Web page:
DOD needs to ‘decouple’ hardware and software, deputy CIO says
The Department of Defense should move away from acquiring singular systems with hardware and software in one. Instead, the department needs platforms that can be constantly redesigned through continuous software updates, said Peter Ranks, deputy CIO for information enterprise.
Better use of software is a key part of the new “Joint All Domain Operations” doctrine being developed by the department to link operations jointly across the military and the domains of air, land, sea, cyber and space, Ranks said at FedScoop’s IT Modernization summit Wednesday.
“We are going to need software to glue those things together,” he said, adding that the ability to maneuver across domains seamlessly and quickly will keep the U.S. ahead of its adversaries on the battlefield. “We can’t count on advantage from the overwhelming superiority of one platform,” Ranks said of weapons systems and other hardware the DOD uses in warfare. Adversaries’ “tools are going to be as good as our tools.”
The DOD needs to “decouple” software and hardware development to be able to update the capabilities of systems faster, he explained. For the DOD, “hardware” means something different than it might for traditional businesses or even civilian agencies: weapons systems, fighter jets and unmanned vehicles, to name a few examples.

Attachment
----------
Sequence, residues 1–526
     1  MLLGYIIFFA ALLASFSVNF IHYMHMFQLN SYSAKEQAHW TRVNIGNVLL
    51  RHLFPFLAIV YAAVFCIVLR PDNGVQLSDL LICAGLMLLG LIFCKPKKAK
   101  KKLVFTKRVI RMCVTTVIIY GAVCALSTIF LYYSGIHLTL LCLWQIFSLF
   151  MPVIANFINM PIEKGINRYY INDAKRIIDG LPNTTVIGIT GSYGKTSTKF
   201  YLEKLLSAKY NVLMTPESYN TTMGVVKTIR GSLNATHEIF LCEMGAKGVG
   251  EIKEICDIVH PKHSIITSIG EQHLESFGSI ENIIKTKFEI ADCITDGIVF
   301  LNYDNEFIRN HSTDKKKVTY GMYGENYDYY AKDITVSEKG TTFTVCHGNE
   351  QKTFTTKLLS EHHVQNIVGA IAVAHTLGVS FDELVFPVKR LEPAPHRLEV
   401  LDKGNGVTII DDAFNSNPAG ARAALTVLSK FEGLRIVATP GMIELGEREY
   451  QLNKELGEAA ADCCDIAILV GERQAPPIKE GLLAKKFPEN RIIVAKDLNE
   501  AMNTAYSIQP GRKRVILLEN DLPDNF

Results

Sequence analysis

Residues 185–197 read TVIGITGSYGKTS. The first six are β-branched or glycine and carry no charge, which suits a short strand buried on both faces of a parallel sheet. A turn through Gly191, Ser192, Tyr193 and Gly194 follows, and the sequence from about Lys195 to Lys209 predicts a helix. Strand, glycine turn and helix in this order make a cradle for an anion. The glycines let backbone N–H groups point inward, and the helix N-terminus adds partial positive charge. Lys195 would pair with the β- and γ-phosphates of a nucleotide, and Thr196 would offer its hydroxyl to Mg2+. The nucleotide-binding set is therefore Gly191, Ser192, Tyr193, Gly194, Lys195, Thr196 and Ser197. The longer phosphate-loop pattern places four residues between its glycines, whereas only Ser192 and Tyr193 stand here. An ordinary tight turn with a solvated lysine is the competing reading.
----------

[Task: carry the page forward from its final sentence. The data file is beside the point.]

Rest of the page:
Currently, DOD’s software development and acquisition has been stymied by antiquated policy and processes designed to buy things like tanks. The vice chair of the Joint Chiefs of Staff once went as far as calling software acquisition in the DOD a “nightmare.”
However, Ranks said Wednesday that fixing these issues will translate to better chances on the battlefield.
In modernizing other tools like cloud services, Ranks said, the DOD needs to work toward “cloud mastery.” The difference between how the cloud will impact other agencies and how it will impact the DOD is that the military will depend on it to help deter and defeat adversaries in war.
The technical link for Joint All Domain Operations is the Joint All Domain Command and Control, or JADC2. Ranks told FedScoop after his speech that DOD is still trying to sort out the precise details of exactly what “all domain” will mean and how JADC2 will link everything together.
“It is going be a combination of trying to influence older programs as well as pivot acquisitions of new programs,” he said.